Dishwashers, which were once thought to be a luxury appliance, have evolved into must-have, time-saving kitchen appliances. Dishwasher prices are mainly affected by capacity and special features, but can also be influenced by certain dishwasher finishes such as stainless steel. Dishwasher models are enhanced by numerous features and energy-saving options, so it is best to have an idea of what these features are; then you can decide what really matters to you when buying a dishwasher.
Capacity: Standard vs. Compact Size
The first consideration is dishwasher capacity. An 18-inch dishwasher generally is adequate for two to three people and can hold up to six or eight standard place settings. A regular 24-inch dishwasher has a capacity for 12 to 14 standard place settings and is sufficiently family-sized. The number of place settings can be deceiving and for this reason, a standard 24-inch dishwasher is recommended for family use. A compact 18-inch dishwasher is great for a couple or small kitchen and occasional use.
Types: Built-in, Portable, Drawer, or Countertop Models
Your choice to buy a built-in, portable, or countertop dishwasher will depend greatly on whether you are renting or own your home, the size of your home, and the size of your household. Each dishwasher model has its own benefits and constraints.
When it comes to price, the most economical are countertop models and some portable units. The countertop models are the smallest and may not be sufficient for a large family, but if you are renting an apartment and have limited space, this may be the best option for you.
Prices for built-in's, higher-end portables, and drawer dishwashers are influenced by style and features. If you forego the bells and whistles, you can still find many economical built-in and portable models. If you are renting, and plan to take the dishwasher with you if you move, then a portable model is preferred over a built-in model.
Energy Saving Considerations
A dishwasher that proudly displays the Energy Star symbol or that are certified by the Consortium of Energy Efficiency will save you energy dollars compared to non-qualified dishwasher models. Today's dishwashers have become much more efficient to operate, but cycles have become longer. Some dishwashers have low water features or quick wash options which are handy if you are on metered water use. Another energy saver is a delay start option if your electricity usage is calculated on time-of-use rates—you can set the dishwasher to wash later when energy is cheaper.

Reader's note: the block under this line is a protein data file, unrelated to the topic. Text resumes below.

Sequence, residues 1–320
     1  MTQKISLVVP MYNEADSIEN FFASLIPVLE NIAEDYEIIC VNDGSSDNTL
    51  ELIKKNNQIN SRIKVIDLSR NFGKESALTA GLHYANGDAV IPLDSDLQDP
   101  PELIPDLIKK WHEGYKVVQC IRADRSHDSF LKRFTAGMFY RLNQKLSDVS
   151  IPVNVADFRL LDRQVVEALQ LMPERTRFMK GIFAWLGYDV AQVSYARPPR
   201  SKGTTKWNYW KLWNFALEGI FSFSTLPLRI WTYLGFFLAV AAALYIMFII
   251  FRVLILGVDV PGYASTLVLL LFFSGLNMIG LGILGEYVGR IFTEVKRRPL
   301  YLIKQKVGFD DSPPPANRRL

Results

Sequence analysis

Hard Food Disposal Feature
This is certainly a priority feature if you do not like to scrape, pre-wash, or rinse your dishes before loading them into the dishwasher. Installed right in the unit, this feature eliminates food residue and grime during the initial rinse cycle, so it does not swish around your clean dishes during the final rinse cycle. Some models have self-cleaning filters, while others have filters that must be removed and clean manually—confirm the type of filtration system the dishwasher has so you will know what to expect in way of maintenance.
The most important dishwashing cycles are light wash, regular wash, heavy wash (pots and pans), and economy settings. The economy cycle will air dry dishes, which saves on heating element energy costs. Enhanced cycles such as glass or stemware, rinse, quick wash, pot scrub, and sanitize wash are features you want to have but expect to pay more. A stainless steel dishwasher interior is a beautiful feature but will not improve washing performance—it is mainly a style option. However, a stainless steel dishwasher washing arm will not rust and will be more durable.
Performance is influenced by the number of washing levels—how and where the jets of water are distributed during the dishwashing cycle. A three-tier system will provide a good washing and more levels will ensure even better coverage, but it comes at an added cost. A quiet model is also a good option if your bedroom is located next to the kitchen and you run the dishwasher at night. Dishwasher detergent and rinse agent dispensers are usually standard features and ensure the right amount of detergent needed to clean the load. Electronic dirt sensors are definitely nice-to-have features. A child safety lock is important if you have small children.
Stacking and Racking Features
Standard dishwashers usually have two racks of dishes, but some models have three extending loading options and dishwasher capacity. Special dishwasher features can also include adjustable or removable tines, shelves, and racks built to accommodate tall glasses or stemware, oddly shaped and tall items, or convertible racks for multi-uses. A small closed basket for baby bottles and rings is also available on some dishwasher models.
Cutlery or Flatware Trays
The position of the silverware tray is usually a matter of preference and is generally does not affect washing performance. You might prefer a compact tray that sits on the bottom rack, and that easily removes for loading and unloading cutlery. Others prefer a model that is attached to the inside of the dishwasher door, which may take less room.